Submitted to: American Association of Cereal Chemists Meetings
Publication Type: Abstract Only
Publication Acceptance Date: June 12, 2000
Publication Date: N/A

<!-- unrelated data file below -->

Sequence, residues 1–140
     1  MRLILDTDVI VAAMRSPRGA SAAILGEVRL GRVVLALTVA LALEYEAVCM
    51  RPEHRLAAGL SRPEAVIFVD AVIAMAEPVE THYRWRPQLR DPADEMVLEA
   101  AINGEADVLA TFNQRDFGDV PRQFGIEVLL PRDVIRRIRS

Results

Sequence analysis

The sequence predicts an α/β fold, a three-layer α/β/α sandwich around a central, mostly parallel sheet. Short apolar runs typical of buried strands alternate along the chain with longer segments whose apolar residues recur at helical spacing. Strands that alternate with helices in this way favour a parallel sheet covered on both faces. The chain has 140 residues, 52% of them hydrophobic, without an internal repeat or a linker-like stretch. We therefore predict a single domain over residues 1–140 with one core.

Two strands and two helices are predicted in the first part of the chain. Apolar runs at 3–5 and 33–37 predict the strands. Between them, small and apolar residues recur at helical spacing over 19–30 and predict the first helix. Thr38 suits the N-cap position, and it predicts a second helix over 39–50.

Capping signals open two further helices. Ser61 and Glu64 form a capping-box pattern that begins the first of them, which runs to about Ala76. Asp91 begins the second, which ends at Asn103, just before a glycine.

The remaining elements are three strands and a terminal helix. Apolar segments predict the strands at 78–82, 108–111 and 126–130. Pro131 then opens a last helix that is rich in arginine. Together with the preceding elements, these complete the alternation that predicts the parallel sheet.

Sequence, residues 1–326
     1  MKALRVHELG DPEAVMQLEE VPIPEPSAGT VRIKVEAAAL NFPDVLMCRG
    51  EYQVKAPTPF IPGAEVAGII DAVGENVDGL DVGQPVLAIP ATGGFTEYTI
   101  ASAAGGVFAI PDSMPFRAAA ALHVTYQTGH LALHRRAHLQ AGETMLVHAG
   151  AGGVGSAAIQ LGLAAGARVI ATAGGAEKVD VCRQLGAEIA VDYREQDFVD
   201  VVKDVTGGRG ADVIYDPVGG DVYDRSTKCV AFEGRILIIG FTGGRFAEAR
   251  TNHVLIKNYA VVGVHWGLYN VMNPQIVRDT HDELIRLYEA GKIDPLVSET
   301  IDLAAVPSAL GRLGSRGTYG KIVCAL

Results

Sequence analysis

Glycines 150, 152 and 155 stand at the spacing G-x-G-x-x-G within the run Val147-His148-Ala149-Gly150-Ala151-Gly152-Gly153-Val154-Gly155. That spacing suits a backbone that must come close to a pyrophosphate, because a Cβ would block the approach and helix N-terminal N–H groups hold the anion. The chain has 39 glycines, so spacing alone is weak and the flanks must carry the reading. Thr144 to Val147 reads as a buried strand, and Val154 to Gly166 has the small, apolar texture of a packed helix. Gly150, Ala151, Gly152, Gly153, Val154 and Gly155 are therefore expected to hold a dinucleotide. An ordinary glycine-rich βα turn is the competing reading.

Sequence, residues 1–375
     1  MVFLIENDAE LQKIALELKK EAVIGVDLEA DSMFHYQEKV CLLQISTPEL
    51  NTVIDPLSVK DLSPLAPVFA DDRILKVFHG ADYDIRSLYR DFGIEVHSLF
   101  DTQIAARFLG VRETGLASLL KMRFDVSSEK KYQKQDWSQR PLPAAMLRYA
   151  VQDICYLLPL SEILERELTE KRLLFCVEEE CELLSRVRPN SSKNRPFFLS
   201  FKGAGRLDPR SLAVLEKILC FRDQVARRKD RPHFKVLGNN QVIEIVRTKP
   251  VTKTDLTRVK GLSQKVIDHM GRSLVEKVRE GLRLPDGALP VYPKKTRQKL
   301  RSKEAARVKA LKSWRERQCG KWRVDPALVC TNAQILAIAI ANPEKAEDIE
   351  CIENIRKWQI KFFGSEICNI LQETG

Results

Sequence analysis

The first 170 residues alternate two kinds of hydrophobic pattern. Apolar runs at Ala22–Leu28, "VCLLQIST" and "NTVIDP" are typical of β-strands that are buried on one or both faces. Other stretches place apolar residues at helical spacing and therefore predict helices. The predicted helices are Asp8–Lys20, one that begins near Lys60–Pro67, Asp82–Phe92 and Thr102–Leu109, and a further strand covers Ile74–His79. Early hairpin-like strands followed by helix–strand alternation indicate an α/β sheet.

There is growing domestic and international demand for crops produced using organic cultural management (OCM). In the U.S., rice is being produced under organic conditions in both California and the Southern U.S. rice growing areas. As demand for organically produced rice has grown, germplasm that has high yield potential and desirable end-use quality characteristics when grown using OCM is being sought. Several Indica rice lines have been identified that appear to offer a yield advantage when grown under organic conditions. The effect of OCM on the milling quality of Indica or U.S. rice germplasm is not known. An experiment grown in 1999 in Beaumont, TX, compared the effects of OCM to standard cultural practices on rice milling quality. Several Indica lines were grown in four replicated plots in Beaumont, TX, in 1999, using OCM as well as conventional management (CM) using a lower (100 lb/ac) and a higher (200 lb/ac) amount of N (100N and 200N). A conventional U.S. long grain, Cypress, and a U.S. aromatic rice, Jasmine 85, were also studied. Our preliminary results are that cultural management did not effect total milling yields. Lower N and OCM treatments resulted in lower whole rice milling yields but a greater degree of whiteness compared to that of a higher N treatment. There is evidence that some consumers prefer whiter milled rice. The effects of OCM on milling quality will be verified using data from an additional year. Our future efforts in this area include identifying cultivars whose whole milling yields are not negatively impacted by OCM.